Monday, September 03, 2007


Alaska Trip, Day 5, Juneau

(Day 05 Photos), Juneau, the capital of Alaska, is only accessible by airplane or boat. The highways in town all end in dead ends, visible at this link - yet there are tons of cars around Juneau. Well, we used our boat to get there! This was another full day excursion, and ES and I planned to join my bro and JK on a Bike and Brew which was happening later in the day. This ended up being the only excursion day that went as originally planned!

The town (West Juneau - not really where most of the populous is) had a bunch of gift shops of course - we checked out a couple, but really, they had the same stuff that Ketchikan had. JK got some turtles (a type of candy) from a candy shop which were wonderful, but overpriced. Something like $8 for two handfulls. That ended up being his lunch. We walked out of the main touristy area and kinda got a feel for how it might be to be there in the winter. DM mentioned that the kayaking instructor from the day before was saying it was really easy to study in Juneau during the winter. Can't really go outside much, and it's dark a lot. There were many lost and found signs around, and I photographed one that was particularly strange. Could have been some joke, or maybe a scam.

Dan spied a hill (er, mountain) and wanted to just, "climb right up it." But we eventually decided that'd take all day and maybe then some. Got lunch on the boat (free) and met up for our bike and brew. We rode in 15 passenger vans with bike trailers to a gravel parking lot and got our bikes. On the way, we got a very quick view of the Mendenhall Glacier, pretty much the main sightseeing attraction in Juneau. I wasn't quite sure what this bike trip entailed, luckily we got much better views later.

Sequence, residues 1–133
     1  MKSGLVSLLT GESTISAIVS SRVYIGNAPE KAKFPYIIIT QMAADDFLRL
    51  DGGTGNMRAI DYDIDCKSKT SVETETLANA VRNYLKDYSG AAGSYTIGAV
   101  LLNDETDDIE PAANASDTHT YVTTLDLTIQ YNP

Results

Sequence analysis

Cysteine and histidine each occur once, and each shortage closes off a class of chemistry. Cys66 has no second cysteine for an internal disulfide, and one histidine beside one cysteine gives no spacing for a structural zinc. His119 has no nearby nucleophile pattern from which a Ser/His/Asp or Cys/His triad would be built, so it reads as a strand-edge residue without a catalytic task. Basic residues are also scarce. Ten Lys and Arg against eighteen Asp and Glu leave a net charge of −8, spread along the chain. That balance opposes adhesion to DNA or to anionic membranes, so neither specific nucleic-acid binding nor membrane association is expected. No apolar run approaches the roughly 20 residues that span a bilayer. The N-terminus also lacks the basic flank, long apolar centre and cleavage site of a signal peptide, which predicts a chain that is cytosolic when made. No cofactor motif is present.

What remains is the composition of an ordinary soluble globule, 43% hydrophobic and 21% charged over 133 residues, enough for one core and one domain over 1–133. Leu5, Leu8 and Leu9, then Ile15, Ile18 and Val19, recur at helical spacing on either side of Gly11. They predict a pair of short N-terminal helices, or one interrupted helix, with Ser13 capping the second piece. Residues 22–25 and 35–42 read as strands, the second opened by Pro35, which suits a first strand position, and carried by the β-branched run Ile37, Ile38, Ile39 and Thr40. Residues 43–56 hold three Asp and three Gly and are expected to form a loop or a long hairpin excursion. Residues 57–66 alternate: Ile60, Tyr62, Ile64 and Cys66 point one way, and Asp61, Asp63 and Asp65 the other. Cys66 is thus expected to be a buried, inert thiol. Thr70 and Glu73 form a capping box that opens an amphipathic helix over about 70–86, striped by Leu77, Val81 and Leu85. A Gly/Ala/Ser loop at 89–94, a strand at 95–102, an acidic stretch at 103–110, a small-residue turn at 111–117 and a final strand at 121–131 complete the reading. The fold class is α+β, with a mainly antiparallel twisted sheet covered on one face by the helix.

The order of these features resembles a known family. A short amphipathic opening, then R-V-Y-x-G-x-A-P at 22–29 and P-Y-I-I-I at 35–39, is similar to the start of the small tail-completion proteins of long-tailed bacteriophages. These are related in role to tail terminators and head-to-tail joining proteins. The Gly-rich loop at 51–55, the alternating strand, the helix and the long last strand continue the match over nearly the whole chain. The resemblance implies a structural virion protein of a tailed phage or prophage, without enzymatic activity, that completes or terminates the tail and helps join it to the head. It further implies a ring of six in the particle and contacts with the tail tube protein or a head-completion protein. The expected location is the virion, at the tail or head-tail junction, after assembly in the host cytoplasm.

ES got a crappy bike - the brakes didn't work, and yet they tried to talk her into taking the bike anyway. Nuh uh, brakes are important, so she got a bike that was a bit better. I snapped a few shots in the parking lot while our folks were all gearing up with helmets. I tried to figure out how I was going to carry both the big and small cameras, but got them all hitched on my shoulder and or belt and we were under way. Almost immediately I found out that my bike did not shift into 3rd gear. I was stuck with 2nd gear, and half way up in the back gears, so I wasn't really getting much speed on this trip under pedal power. So basically, this tour had junk gear - either it has been overused, or just under maintained. The frames were pretty neat though - much lighter than the beast I ride at home.

I tracked the ride with the GPS as we went. Prolly 14 miles in total. We stopped at one chapel/church that had a big view of the glacier out the window. The bike ride mostly went around the lake to the south of the glacier. There were many houses in the area along with pretty dense trees. The floor of the forested areas were all a lush green moss. One hill we saw to the West of the glacier was all brown rock/gravel on the south, but it was that lush moss on the North which showed up as an odd shade of green.